Tea Trekker, the 2020 Spring Tea Harvest, and the Coronavirus Pandemic…
UPDATE ON THE 2020 SPRING TEA SEASON
– as of July 13, 2020 –
Yes we are, thank you, and we trust that you are too.
So if there is a certain tea, or type of tea, that you have been waiting for all winter, it may be time to enjoy a different, great cup of tea, and be patient…this year, your teas of choice will arrive before you know it, but they will be later-to-arrive than usual!
To follow this year’s 2020 Harvest Arrivals, this is the link:
We are currently shipping out your current purchases on a very-close-to-normal schedule; however, in some instances there will be a modest delay in shipping due to particular days of the week, adjustments to pickup and delivery schedules, and other minor nuisances. But basically our out-going parcels are transporting very nicely. The U.S. Postal Service has advised us that in general their estimates of delivery times are inaccurate right now, so add at least one day to their estimate, depending on how far West, and/or remote your delivery address is.
Our busiest time for incoming orders is Sunday and Monday. We continue to be consistently able to ship all orders that have arrived before Tuesday morning either on the Tuesday or the Wednesday Priority Mail postal truck pickups. This means that most of you will receive your order about a week after it is placed, which is excellent these days!
THE 2020 EARLY SPRING TEA HARVESTS
A number of you have been seeking whatever information is available regarding the 2020 early spring harvests of tea in East and South Asia. This includes some of the early pre-Qing Ming and Yu Qian green teas (the ‘Spring Green Teas‘), the 1st Flush Darjeeling black teas, the Mengding Mountain Huang Ya (our main yellow tea), and other teas. This is what is known at this point:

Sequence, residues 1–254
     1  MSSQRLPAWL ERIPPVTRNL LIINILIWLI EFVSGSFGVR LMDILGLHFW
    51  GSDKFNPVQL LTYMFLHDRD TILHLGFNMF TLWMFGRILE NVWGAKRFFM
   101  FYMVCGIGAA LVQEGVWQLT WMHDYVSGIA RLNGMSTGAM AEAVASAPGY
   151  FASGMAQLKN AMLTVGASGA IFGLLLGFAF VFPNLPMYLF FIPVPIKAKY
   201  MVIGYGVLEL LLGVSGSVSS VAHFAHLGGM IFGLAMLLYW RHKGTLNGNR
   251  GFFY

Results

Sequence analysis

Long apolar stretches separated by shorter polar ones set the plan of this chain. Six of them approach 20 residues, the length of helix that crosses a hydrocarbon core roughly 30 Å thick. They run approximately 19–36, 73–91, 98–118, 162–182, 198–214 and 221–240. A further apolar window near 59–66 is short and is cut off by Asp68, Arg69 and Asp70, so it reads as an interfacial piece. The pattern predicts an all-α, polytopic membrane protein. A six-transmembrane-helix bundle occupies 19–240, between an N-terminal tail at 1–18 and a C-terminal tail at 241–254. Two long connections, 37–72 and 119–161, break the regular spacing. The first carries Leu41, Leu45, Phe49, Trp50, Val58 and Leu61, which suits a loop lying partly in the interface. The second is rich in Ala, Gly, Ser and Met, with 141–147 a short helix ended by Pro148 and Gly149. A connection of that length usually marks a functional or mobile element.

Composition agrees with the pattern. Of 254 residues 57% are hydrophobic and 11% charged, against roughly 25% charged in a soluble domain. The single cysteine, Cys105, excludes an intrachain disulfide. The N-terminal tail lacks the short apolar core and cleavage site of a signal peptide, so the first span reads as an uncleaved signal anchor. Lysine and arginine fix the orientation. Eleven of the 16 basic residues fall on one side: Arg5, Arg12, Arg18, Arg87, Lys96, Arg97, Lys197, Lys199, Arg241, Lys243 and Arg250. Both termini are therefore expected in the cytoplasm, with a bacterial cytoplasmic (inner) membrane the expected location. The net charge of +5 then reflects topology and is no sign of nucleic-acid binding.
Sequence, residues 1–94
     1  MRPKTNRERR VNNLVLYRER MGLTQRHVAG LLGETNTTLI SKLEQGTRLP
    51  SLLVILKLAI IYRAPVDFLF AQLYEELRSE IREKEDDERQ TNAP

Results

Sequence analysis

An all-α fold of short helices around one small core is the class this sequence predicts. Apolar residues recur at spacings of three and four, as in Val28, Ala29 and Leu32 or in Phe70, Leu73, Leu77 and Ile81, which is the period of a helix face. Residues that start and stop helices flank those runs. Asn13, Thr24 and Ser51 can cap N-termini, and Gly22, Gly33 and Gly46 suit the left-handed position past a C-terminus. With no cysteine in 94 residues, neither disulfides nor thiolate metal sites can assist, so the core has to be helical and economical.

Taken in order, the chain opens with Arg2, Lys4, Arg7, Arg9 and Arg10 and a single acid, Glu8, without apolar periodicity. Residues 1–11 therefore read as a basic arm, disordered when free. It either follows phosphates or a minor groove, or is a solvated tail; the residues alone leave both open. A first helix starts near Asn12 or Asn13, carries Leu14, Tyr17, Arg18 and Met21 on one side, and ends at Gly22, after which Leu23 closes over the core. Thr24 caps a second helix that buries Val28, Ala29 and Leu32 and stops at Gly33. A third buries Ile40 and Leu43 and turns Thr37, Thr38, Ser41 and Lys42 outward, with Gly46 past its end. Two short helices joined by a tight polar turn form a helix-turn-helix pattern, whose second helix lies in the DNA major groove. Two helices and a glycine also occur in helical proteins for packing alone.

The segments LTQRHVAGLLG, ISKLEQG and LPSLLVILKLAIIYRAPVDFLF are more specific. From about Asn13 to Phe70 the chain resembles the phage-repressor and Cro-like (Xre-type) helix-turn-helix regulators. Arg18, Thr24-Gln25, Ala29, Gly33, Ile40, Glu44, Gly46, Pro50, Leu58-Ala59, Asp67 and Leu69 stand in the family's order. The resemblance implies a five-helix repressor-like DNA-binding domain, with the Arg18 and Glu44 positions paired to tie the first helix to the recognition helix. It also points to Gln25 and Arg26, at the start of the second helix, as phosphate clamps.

We have most of our 2020 Darjeeling 1st Flush black teas in stock now, or several are still en route, with the first of the 2nd Flush teas. Unfortunately the movement of these shipments is very slow because both India and Nepal are on at least partial lock down. So the early Himalaya teas will arrive when they arrive.
– ‘personal separation’ is easy in many Chinese tea gardens –
A note about the relationship of a virus to tea:
– a modern tea factory in Japan –
Because some of you have asked, the manufacture that tea needs, to change from fresh leaf to shelf stable tea, requires that heat (hotter than is necessary to kill off any virus or bacteria) needs to be applied at numerous different times, and there are also several times when the leaf or the semi-finished tea needs to ‘sit’ for a length of time. All of these normal steps mean that there is not now and never has been any problem with the consumption of tea during or following the several world-wide episodes that we have had this century (seasonal flu, SARS, bird flu, swine flu, etc).
Detailed information about the manufacture and processing of camellia sinensis from leaf to tea can be found in our award-winning book, The Story of Tea, A Cultural History and Drinking Guide (Ten Speed Press 2007), which is available in book (hard and soft cover), Kindle, and audio formats.
– freshly-picked leaf for oolong, resting in Taiwan –
We here at Tea Trekker are quite interested in keeping you healthy, and Tea Trekker tea will continue to play a part in our collective healthy food habit.
– I taste and personally drink every tea that we source and sell to you –
THE TEA SEASON OVERVIEW
Our hope is that by the middle-to-end of summer we will be up to a full selection of 2020 Tea: green, black, oolong, white, and yellow.
THE TEA TIMELINE